Memoirs, Inc. v. Mahesh Patel
Claim Number: FA0107000098244
The Complainant is Memoirs, Inc., St. Paul, MN (“Complainant”) represented by Kerry R.J. Olson, of Gray, Plant, Mooty, Mooty & Bennett. The Respondent is Mahesh Patel, Anaheim, CA (“Respondent”) represented by Sunil Brahmbhatt.
REGISTRAR AND DISPUTED DOMAIN NAMES
The domain names at issue are <imemoirs.org>, <imemoirs.com>, and <imemoirs.net>, registered with Network Solutions.
The undersigned certifies that he has acted independently and impartially and to the best of his knowledge, has no known conflict in serving as Panelist in this proceeding.
Honorable Paul A. Dorf (Ret.) as Panelist.
Complainant submitted a Complaint to the National Arbitration Forum (“the Forum”) electronically on July 19, 2001; the Forum received a hard copy of the Complaint on July 19, 2001.
On July 24, 2001, Network Solutions confirmed by e-mail to the Forum that the domain names <imemoirs.org>, <imemoirs.com>, and <imemoirs.net> are registered with Network Solutions and that the Respondent is the current registrant of the name. Network Solutions has verified that Respondent is bound by the Network Solutions 5.0 registration agreement and has thereby agreed to resolve domain-name disputes brought by third parties in accordance with ICANN’s Uniform Domain Name Dispute Resolution Policy (the “Policy”).
On July 24, 2001, a Notification of Complaint and Commencement of Administrative Proceeding (the “Commencement Notification”), setting a deadline of August 13, 2001 by which Respondent could file a Response to the Complaint, was transmitted to Respondent via e-mail, post and fax, to all entities and persons listed on Respondent’s registration as technical, administrative and billing contacts, and to email@example.com, firstname.lastname@example.org, and email@example.com by e-mail.
A timely response was received and determined to be complete on August 10, 2001.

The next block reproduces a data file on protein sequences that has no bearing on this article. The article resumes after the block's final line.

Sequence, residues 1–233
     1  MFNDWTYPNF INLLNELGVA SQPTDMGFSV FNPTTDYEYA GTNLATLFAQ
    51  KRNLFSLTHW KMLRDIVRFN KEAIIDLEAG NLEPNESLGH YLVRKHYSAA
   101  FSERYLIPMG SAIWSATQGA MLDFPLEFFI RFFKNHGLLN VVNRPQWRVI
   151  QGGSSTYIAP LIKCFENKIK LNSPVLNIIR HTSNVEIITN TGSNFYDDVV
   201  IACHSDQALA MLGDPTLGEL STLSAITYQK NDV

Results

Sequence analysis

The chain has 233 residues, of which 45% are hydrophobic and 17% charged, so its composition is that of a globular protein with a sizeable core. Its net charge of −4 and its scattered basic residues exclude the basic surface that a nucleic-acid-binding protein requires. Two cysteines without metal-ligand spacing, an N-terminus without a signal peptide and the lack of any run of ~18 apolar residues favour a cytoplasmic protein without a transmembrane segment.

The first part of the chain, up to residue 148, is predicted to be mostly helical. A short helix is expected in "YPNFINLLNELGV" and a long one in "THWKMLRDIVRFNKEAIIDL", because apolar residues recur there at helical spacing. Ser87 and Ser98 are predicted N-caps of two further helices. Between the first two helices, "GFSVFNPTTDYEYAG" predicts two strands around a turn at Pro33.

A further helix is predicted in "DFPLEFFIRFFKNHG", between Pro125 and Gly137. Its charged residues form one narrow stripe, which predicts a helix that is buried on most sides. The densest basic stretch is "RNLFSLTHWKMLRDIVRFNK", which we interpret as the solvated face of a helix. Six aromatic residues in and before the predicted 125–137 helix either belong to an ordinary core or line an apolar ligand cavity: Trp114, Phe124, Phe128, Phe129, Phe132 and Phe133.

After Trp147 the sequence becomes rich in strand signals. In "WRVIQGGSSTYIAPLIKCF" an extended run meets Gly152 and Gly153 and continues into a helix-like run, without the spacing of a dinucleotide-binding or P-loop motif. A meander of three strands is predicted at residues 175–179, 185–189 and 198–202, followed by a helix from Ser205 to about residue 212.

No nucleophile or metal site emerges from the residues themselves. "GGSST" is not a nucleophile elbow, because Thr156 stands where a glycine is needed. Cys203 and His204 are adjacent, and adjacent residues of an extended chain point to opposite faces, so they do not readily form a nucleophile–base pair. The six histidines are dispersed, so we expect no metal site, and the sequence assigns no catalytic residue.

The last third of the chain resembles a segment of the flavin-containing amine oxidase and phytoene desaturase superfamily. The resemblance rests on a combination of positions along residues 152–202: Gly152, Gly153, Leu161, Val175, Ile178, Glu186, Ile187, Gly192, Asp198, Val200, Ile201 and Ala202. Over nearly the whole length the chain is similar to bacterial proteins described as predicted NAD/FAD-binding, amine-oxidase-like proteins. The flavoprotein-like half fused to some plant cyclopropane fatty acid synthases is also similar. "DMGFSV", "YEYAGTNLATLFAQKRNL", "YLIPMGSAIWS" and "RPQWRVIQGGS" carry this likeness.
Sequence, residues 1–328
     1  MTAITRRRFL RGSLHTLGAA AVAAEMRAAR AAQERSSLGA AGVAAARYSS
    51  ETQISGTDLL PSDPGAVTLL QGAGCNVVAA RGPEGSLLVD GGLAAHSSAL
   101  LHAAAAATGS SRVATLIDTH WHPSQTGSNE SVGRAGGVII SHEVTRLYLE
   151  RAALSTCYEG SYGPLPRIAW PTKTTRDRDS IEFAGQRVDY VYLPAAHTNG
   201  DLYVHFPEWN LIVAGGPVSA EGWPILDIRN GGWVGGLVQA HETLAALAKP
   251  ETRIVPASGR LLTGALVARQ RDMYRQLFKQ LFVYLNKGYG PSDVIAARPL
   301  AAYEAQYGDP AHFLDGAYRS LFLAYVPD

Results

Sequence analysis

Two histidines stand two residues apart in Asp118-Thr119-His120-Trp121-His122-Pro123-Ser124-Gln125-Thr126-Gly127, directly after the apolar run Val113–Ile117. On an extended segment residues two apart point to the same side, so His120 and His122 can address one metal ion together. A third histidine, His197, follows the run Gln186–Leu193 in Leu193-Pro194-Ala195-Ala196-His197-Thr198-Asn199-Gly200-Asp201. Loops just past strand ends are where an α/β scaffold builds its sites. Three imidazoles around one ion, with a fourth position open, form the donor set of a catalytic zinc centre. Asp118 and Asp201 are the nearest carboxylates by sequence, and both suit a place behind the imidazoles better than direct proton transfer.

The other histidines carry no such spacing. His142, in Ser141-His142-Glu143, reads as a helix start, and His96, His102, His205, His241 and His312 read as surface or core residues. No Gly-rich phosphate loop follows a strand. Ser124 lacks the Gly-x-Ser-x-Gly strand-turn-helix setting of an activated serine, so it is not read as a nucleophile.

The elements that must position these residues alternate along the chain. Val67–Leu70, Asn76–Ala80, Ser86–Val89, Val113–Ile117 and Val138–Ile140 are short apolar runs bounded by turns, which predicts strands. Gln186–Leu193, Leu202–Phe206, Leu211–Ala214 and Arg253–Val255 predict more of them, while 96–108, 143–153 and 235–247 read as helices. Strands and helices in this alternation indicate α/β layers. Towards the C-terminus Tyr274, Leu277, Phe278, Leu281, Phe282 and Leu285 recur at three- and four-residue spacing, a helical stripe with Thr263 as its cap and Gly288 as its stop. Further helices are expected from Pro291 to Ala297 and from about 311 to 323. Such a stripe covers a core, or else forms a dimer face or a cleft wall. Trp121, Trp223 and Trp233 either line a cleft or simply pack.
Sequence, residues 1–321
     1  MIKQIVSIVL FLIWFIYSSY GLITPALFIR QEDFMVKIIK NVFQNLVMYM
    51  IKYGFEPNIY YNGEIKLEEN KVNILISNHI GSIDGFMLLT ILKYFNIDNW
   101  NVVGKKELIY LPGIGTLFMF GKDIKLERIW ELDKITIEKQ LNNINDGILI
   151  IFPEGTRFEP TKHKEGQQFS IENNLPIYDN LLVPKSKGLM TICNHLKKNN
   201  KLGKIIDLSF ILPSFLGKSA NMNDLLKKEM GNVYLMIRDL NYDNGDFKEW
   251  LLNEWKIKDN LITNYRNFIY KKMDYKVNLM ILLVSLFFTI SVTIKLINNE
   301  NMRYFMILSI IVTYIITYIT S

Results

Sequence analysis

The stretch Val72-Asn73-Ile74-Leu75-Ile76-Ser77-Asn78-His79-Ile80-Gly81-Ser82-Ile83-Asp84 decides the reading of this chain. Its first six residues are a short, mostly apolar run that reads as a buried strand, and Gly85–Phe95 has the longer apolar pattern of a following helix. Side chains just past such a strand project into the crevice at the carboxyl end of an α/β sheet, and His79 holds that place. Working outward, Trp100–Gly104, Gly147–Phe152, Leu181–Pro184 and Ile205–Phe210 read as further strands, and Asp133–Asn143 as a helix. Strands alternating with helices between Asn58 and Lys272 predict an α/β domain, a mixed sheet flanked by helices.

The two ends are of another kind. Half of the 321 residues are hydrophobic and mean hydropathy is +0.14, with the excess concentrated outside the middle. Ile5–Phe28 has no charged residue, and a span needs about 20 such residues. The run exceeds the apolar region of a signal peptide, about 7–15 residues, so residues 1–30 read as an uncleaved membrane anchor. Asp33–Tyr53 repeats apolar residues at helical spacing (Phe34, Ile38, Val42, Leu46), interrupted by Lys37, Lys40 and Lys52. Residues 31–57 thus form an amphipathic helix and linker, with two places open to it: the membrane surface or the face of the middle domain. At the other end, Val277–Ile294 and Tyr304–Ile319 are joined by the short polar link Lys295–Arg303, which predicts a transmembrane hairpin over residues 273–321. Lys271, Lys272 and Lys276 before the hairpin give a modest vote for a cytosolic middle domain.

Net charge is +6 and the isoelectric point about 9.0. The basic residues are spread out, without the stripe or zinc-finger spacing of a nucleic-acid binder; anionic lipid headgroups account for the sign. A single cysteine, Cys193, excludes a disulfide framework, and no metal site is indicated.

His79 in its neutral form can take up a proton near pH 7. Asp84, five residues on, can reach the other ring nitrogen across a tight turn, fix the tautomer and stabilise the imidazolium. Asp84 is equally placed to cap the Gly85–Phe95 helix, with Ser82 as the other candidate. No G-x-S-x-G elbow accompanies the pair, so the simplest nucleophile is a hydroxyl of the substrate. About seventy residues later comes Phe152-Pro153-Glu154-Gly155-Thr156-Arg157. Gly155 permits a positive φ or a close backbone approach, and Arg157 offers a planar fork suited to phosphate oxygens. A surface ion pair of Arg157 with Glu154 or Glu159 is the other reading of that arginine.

On August 14, 2001, pursuant to Complainant’s request to have the dispute decided by a single-member Panel, the Forum appointed Honorable Paul A. Dorf (ret.) as Panelist.
Complainant requests that the domain names be transferred from Respondent to Complainant.
The Complainant contends that the domain names at issue are identical or confusingly similar to Complainant’s trademark; that the Respondent has no rights or legitimate interests in the domain names; and that the domain names were registered and are being used in bad faith.
The Respondent contends that the domain names at issue are not identical or confusingly similar to Complainant’s mark as the word "memoirs" is not protected nor is the Complainant entitled to exclusive use of the word; that it was the Respondent’s intent to use the domain names as a joint venture or partnership with third party investors to create a website where persons of Indian origin could post memoirs of their friends and family, and feature memoirs of famous Indian celebrities, politicians and other famous persons to celebrate their achievements; and that as his intent was to target an audience for Indian memoirs it would in no way interfere with the target audience of the Complainant in its publishing and writing services.
The Complainant has been engaged in the business of interviewing, writing and publishing services using the trademark I.Memoirs® since 1995.
The Respondent is originally from India and states he is actively involved in the Indian community in Southern California. The Respondent does not identify his business; but states that he wished to joint venture or partner the concept with third party investors a site where individual persons of Indian origins could post memoirs of their friends and family and/or have memoirs of famous Indian celebrities.
Paragraph 15(a) of the Rules for Uniform Domain Name Dispute Resolution Policy (the “Rules”) instructs this Panel to “decide a complaint on the basis of the statements and documents submitted in accordance with the Policy, these Rules and any rules and principles of law that it deems applicable.”
Paragraph 4(a) of the Policy requires that the Complainant must prove each of the following three elements to obtain an order that a domain name should be cancelled or transferred:
(1) the domain name registered by the Respondent is identical or confusingly similar to a trademark or service mark in which the Complainant has rights;
(2) the Respondent has no rights or legitimate interests in respect of the domain name; and
(3) the domain name has been registered and is being used in bad faith.
Identical and/or Confusingly Similar